Junko has exactly what Kanta enjoys in a woman!

The first volume of the series had four episodes; 1) The Demon and the Double D's, 2) Rock, Paper, Scissors, 3) Fire Dragon Kong, 4) An Ace in the Sand. The opener explained the premise of the times and the character though it did so with a bit of an edge. Punk handles the Kawazu Gang but soon finds himself punked out and penniless thanks in large part to a gal named Junko Asagiri (the incredibly gifted gal of his dreams). In the second episode, Punk meets another near legendary mercenary, Rain Spider, and the two are set upon one another until they learn to cooperate when a common enemy threatens them. The third episode finds Punk in serious debt since supplies to run his operation cost serious cash and thanks to his losses caused by his dream girl Junko, he is forced to take her up on a dangerous scheme that pit him and a few others against a technological nightmare machine with little ordnance capable of handling the job. The fourth episode pits Punk against a sniper wanting to make a name for himself at Punk's expense. Catching Punk by surprise is almost impossible but the enemy has a secret weapon and even a newly resupplied Punk finds himself in trouble this time. The most common dynamic of the show is that of the otherwise superior Kanta getting "punked" by Junko in one form or fashion. This is much like the Lupin the 3rd series where Lupin and Fujiko share a similar pattern. Otherwise, what first seemed marketed as a serious show proved to be mostly a comedic look at the nasty future world the characters inhabit. While I might have enjoyed the desolate wastelands better as a drama, seeing Kanta follow his little head off a cliff repeatedly does have a certain charm and the situations where he shows his skill did entertain me. The fact that the series evolved to allow him to take on an apprentice (in the form of young Kosuna) was kind of interesting too since just having the two leads go through variations of the same theme strikes me as limiting to a show with this much potential.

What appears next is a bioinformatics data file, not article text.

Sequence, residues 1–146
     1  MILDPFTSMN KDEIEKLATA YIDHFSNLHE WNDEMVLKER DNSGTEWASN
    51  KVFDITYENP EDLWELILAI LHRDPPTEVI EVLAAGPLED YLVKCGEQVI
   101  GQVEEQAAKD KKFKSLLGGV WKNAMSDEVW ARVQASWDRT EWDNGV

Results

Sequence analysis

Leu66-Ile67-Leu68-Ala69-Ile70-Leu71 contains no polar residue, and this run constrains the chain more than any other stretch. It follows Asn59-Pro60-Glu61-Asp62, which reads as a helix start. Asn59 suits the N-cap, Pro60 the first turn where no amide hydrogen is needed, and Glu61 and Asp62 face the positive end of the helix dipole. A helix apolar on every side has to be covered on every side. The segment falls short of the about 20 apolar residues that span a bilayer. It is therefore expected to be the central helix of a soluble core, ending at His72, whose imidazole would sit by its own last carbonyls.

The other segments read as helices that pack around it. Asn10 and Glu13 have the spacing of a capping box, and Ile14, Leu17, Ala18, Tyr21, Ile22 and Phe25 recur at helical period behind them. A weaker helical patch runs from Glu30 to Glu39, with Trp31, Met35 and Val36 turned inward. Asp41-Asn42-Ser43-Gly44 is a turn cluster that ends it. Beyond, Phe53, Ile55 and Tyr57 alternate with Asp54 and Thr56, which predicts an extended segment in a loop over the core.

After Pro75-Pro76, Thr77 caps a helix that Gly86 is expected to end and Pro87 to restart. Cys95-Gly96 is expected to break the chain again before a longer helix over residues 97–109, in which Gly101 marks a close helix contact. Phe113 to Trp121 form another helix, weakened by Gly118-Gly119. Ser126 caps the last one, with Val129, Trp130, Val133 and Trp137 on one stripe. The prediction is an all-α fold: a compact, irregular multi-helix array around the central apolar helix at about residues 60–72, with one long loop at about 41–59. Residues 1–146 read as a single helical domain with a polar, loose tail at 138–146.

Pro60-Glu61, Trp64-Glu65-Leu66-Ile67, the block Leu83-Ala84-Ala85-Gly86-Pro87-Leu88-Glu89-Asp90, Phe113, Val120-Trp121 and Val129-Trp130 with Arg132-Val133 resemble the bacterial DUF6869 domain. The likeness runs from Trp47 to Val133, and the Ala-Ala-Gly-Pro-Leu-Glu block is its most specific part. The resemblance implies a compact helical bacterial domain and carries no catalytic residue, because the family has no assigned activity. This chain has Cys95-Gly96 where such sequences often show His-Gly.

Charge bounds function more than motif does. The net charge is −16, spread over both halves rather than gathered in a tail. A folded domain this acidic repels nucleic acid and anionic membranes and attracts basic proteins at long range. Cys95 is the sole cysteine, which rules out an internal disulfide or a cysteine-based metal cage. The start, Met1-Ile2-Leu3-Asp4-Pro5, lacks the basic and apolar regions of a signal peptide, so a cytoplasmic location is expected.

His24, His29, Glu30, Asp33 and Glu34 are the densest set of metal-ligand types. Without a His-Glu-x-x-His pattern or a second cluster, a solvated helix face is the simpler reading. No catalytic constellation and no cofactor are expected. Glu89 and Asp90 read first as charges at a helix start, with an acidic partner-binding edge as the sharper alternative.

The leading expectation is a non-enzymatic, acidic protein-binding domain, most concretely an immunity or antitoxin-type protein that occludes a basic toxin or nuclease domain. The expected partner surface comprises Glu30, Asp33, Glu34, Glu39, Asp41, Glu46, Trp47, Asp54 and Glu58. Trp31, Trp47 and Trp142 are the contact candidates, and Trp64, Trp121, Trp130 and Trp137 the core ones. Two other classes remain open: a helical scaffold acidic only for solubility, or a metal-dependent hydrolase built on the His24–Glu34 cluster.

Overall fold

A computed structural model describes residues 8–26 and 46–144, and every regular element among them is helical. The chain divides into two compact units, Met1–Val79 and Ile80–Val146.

The episodes on volume two were 5) The Price of Water, 6) Wandering Lust, 7) Age Before Beauty, and 8) A Dog in Heat. The first couple of episodes made up a single arc as Kanta signed on to protect a possible well a town was collectively digging. The price of water in this arid climate is outlandish but no less important to survival so as the town starts to get results, a gang threatens to take it away from them. In response, they hire the best mercenary money can buy, Desert Punk. Being who he is, he takes complete advantage of the situation, much like the Clint Eastwood character from High Plains Drifter, always staying one step ahead of the people in terms of what he plans out and how he thinks. When the gang comes into town, things don't go as planned and a bit of treachery on the part of all involved make the two episodes rather classic, especially the manner in which Kanta plans to fend off the bad guys. This leads to the following two episodes where the return of Kanta's apprentice, Kosuna, causes some additional headaches. Kanta, being a jerk, decides to use her willingness to learn from him as a means to fill his pocketbook so she shows him that she's no dummy and plays him right back. He keeps her around on the hope that she'll turn out a hotty like her reported mother was but the type of job they end up with is not suited for his unique skills and he soon finds that he gets what's coming to him, even if it nearly kills him to restore his damaged reputation. The level of humor and fan service aside, the four episodes were strange but also appealing in a cynical way, making me want to pick up a copy of the next volume as soon as possible.